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Related to theriaca: Theriaca andromachi

theriac, theriaca

a compound of sixty-four drugs made into an electuary by pulverization and the addition of honey, formerly used as an antidote for poison. Also called Venice treacle. — theriac, theriacal, therial, adj.
See also: Remedies
a compound of sixty-four drugs made into an electuary, formerly used as an antidote for poison. Also called Venice Treacle. — theriac, theriacal, therial, adj.
See also: Drugs
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References in classic literature ?
Fragment #21 -- Scholiast on Nicander, Theriaca, 452:
The two poems of Nicander that have survived in their entirety are the Theriaca, about venomous animals and the treatment of their wounds (958 lines), and the Alexipharmaca, about herbal medicines (630 lines).
Texas fifth-grader shares National Spelling Bee title; Coppell eighth-grader trips up over 'theriaca', The Dallas Morning News
Nicander of Colophon's Theriaca: A Literary Commentary
sealing clay and theriaca or by its moderate temperament which cools what is warm and warms what is cold.
El medico renacentista Andres Laguna no hace una especial referencia a las propiedades medicinales de los ajos, solamente comenta que iguales propiedades tienen los que crecen salvajes como los cultivados, aunque si senala que constituian <<familiar Theriaca de rusticas gentes>> indicando el uso popular en medicina lo que equivalia a senalar que entre las clases sociales de la burguesia y nobleza ya estaba desterrado su uso.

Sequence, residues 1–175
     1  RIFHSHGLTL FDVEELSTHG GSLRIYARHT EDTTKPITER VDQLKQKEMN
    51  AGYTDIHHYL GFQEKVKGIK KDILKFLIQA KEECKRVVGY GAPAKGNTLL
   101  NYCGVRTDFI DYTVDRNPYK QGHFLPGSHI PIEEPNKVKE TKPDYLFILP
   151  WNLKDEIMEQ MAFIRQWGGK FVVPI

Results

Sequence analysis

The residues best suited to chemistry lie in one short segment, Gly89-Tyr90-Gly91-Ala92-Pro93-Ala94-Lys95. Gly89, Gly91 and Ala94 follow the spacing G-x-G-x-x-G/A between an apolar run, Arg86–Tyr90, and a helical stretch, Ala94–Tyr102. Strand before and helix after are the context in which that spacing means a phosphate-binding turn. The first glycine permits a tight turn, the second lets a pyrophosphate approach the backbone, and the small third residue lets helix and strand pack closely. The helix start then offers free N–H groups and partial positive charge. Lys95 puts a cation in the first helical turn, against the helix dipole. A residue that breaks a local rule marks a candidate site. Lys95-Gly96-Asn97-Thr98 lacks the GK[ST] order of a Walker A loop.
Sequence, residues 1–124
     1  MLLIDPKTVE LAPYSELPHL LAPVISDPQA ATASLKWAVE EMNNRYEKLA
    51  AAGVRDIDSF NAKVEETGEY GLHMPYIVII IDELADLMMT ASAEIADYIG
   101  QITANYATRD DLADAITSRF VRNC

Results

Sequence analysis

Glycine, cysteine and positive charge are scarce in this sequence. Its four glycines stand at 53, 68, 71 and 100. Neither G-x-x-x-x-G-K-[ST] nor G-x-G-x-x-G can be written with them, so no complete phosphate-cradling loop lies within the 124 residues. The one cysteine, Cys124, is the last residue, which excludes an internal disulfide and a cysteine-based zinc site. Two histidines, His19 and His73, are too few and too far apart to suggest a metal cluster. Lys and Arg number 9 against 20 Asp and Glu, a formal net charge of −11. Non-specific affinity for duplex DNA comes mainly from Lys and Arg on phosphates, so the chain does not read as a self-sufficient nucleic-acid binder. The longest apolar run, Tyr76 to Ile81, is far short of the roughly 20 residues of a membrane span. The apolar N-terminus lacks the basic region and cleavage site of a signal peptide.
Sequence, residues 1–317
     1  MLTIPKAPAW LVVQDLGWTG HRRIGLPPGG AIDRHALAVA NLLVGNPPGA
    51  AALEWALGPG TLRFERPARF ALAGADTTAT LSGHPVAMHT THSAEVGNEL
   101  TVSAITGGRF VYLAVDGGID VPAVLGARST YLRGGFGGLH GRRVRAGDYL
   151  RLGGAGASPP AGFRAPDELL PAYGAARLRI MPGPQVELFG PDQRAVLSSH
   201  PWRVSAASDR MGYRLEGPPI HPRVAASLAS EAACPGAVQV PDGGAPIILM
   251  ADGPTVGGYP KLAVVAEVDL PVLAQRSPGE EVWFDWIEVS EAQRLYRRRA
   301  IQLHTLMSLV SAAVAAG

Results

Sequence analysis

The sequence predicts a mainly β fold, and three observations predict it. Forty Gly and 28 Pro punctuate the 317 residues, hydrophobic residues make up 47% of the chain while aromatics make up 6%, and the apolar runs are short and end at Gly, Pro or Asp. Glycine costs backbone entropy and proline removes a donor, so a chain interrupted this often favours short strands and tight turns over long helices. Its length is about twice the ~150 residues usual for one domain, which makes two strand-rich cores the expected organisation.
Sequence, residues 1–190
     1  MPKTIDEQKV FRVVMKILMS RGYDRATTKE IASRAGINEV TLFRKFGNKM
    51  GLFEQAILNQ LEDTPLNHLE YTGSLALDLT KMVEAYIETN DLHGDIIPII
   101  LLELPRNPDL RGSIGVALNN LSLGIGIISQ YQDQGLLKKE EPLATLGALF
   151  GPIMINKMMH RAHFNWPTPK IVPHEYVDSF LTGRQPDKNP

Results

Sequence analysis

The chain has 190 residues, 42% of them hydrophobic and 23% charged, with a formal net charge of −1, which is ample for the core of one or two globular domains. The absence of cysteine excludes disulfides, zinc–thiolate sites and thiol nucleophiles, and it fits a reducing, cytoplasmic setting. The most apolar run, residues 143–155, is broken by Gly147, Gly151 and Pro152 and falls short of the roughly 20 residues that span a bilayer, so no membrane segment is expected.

A referee referred me to the use of a related word ptisavnon in an epic context (Nicander, Theriaca 590).
Angela Voss discusses his Orphic side in her analysis of his musical magic, while Donald Beecher connects the employment of the ancient pharmaceutical theriaca with the astral medicine advocated in the Libri de vita, seeing it as a talismanic source of celestial influences.
No less of a surprise, and similarly reprinted by Bristol Classical Press in the same series and in the same year, was the text, translation, and notes making up the bulk of Nicander, the Poems and Poetical Fragments.(13) It may well be the solitary `definitive edition', and a most competent piece of scholarship, but I cannot see the Theriaca and the Alexipharmaca commanding a wide audience or arousing wild (or any sort of) enthusiasm.